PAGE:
Come Alive LB empowers and encourages under resourced youth, children and their families through creative experiences in the city of Long Beach. We are dedicated to inspiring the next generation toward their full potential through creativity and intentional relationships, equipping them to explore beyond existing limitations.
Our first creative arts day camp was hosted in July 2016 in partnership with Light and Life Community Center through a grant received by the Department of Child and Family Services as an outreach to North Long Beach’s community.
September 2016, Come Alive Long Beach was awarded a grant from the Art4Moore of the Tides Foundation for 2017 camp supplies.
October 2016, Come Alive competed in a county-wide grant challenge through LA2050. CALB ranked 9th of 71 proposals in the Connect Category thanks to community votes. As a top 10 finalist, Come Alive qualified for the final round of grant consideration.
September 2018, Come Alive received the Walmart Community Grant award in addition to the annual contributions of DCFS and Art4Moore grants.
January 2019, Come Alive Long Beach became an official 501(c)3 non-profit.
Additional financial and in-kind donations have been received from companies including Domino’s, FedEx, Enola Gaye, and Passion Planner.
About The Founder
Come Alive Long Beach was inspired by camp designer Anjelica Vargas and her passion to work alongside families with life experiences similar to her own. Having grown up in Long Beach with a single mother and two siblings, Anjelica witnessed her mother endure emotionally taxing situations alone. Her family's lack of social-emotional support and access to resources resulted in a cycle of poverty, dysfunction and hopelessness.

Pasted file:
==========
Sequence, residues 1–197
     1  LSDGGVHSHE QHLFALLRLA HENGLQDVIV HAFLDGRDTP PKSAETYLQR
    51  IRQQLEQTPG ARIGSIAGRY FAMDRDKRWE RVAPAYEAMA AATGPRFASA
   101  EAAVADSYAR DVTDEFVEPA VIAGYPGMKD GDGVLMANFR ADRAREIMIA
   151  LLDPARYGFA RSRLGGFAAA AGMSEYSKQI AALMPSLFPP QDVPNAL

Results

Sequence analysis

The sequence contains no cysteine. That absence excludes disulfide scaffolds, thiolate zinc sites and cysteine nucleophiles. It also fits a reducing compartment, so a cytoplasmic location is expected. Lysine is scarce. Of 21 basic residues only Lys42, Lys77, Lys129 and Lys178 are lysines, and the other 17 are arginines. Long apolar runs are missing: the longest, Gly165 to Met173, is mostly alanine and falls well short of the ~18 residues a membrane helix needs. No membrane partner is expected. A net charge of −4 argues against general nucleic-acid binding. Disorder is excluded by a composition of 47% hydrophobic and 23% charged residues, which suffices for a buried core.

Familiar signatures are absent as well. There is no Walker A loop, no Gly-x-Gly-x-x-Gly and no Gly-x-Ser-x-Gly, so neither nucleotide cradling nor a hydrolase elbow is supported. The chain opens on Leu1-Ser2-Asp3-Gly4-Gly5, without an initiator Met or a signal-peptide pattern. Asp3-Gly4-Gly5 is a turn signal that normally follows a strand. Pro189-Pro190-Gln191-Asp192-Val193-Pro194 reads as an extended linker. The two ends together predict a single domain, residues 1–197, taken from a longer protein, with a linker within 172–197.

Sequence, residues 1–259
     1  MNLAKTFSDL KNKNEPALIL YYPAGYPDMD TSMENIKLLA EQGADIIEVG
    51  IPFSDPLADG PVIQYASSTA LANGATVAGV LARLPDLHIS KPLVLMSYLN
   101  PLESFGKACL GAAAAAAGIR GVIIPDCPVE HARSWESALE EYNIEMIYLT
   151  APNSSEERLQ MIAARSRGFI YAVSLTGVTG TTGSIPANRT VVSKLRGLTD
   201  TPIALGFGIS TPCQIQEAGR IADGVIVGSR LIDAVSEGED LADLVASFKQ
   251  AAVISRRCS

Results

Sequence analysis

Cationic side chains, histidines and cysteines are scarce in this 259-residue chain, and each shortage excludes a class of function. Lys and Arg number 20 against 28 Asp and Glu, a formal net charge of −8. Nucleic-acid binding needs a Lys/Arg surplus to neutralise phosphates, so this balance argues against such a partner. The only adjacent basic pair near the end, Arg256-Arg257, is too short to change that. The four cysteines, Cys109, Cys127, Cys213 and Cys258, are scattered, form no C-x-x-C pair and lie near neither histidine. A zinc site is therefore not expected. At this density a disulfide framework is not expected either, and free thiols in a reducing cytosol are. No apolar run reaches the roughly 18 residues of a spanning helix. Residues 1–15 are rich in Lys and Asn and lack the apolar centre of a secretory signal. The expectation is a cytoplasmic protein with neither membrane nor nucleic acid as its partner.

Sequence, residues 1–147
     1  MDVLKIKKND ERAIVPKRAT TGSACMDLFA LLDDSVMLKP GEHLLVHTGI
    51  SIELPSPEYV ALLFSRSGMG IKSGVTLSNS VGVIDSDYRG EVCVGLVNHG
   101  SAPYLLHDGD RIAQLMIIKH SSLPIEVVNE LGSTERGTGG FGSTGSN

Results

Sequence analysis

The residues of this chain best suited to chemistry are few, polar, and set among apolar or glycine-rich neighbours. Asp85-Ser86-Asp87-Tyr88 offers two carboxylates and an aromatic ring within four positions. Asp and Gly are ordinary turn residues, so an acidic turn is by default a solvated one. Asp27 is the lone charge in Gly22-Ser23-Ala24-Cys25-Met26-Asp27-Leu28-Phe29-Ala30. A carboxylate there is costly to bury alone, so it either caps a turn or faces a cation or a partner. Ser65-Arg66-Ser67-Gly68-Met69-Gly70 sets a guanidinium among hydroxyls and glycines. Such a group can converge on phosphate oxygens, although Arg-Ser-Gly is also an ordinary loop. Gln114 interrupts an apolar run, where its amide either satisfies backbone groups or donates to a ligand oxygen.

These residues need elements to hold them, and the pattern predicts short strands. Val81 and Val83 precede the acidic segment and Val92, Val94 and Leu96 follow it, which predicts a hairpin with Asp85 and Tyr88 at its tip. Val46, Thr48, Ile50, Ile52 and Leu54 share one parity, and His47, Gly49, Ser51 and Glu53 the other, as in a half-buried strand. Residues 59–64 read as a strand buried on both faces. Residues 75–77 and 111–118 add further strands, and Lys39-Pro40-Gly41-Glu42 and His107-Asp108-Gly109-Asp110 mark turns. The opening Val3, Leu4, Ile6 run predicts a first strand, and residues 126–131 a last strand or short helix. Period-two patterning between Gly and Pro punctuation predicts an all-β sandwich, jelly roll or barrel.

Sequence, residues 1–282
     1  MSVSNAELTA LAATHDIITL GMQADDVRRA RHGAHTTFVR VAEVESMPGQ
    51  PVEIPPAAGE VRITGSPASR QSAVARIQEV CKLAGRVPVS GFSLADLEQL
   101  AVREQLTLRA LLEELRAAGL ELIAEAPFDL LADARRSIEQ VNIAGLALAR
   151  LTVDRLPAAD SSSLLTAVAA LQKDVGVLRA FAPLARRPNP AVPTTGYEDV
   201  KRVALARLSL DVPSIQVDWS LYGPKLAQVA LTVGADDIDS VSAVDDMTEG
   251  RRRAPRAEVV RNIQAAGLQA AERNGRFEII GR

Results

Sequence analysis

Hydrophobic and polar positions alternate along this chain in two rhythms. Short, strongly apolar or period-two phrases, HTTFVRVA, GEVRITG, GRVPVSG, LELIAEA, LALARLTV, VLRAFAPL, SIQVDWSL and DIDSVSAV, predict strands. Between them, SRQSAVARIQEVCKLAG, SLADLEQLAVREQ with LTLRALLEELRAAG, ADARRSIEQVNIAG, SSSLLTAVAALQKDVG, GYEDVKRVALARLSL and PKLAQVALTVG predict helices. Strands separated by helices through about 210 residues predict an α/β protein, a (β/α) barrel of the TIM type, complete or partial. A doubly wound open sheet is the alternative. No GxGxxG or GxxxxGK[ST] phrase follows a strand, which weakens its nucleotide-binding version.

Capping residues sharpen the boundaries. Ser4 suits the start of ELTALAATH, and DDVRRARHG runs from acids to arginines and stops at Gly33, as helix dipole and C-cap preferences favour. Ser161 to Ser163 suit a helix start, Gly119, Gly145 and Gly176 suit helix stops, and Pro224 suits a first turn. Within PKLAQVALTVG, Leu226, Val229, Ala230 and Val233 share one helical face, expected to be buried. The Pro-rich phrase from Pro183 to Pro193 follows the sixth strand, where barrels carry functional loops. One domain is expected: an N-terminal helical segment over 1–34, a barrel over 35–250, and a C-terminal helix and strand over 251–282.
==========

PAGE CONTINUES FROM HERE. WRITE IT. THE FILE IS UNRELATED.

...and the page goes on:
By junior year in high school, Anjelica began working with students and their families through her position with the City of Long Beach Parks and Recreation, commencing a career in helping professions. She earned her Bachelor of Arts in Biblical Studies followed by a Master of Arts in Leadership and Leadership Development at Azusa Pacific University to inform her community development work with nonprofits domestically and abroad. She has worked primarily with low-income, disenfranchised children and families in Southern California & abroad.
A few of her past roles include championing causes youth in foster and adoptive care, advocating for struggling families in Great Los Angeles, empowering poverty-stricken youth and children in remote regions of the Philippines and in the town Copán Ruinas, Honduras, an area just outside of the murder capital of the world.
Although previous roles helped shape and define her leadership, it has been Anjelica's deepest desire to address the opportunity gap for under-resourced students and families in her hometown of Long Beach.